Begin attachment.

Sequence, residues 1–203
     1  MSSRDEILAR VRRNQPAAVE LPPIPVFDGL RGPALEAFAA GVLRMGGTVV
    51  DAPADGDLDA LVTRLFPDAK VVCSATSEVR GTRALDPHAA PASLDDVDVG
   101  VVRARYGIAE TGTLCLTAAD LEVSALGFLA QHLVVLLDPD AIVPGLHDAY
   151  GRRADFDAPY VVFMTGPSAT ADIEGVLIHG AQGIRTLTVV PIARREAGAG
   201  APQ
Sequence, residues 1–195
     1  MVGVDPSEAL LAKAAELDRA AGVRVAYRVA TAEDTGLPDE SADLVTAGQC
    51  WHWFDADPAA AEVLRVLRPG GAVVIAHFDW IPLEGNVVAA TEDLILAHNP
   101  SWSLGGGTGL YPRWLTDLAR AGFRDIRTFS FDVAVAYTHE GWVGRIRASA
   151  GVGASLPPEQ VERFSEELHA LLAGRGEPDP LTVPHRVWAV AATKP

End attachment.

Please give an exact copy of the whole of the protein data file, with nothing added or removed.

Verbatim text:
Sequence, residues 1–203
     1  MSSRDEILAR VRRNQPAAVE LPPIPVFDGL RGPALEAFAA GVLRMGGTVV
    51  DAPADGDLDA LVTRLFPDAK VVCSATSEVR GTRALDPHAA PASLDDVDVG
   101  VVRARYGIAE TGTLCLTAAD LEVSALGFLA QHLVVLLDPD AIVPGLHDAY
   151  GRRADFDAPY VVFMTGPSAT ADIEGVLIHG AQGIRTLTVV PIARREAGAG
   201  APQ
Sequence, residues 1–195
     1  MVGVDPSEAL LAKAAELDRA AGVRVAYRVA TAEDTGLPDE SADLVTAGQC
    51  WHWFDADPAA AEVLRVLRPG GAVVIAHFDW IPLEGNVVAA TEDLILAHNP
   101  SWSLGGGTGL YPRWLTDLAR AGFRDIRTFS FDVAVAYTHE GWVGRIRASA
   151  GVGASLPPEQ VERFSEELHA LLAGRGEPDP LTVPHRVWAV AATKP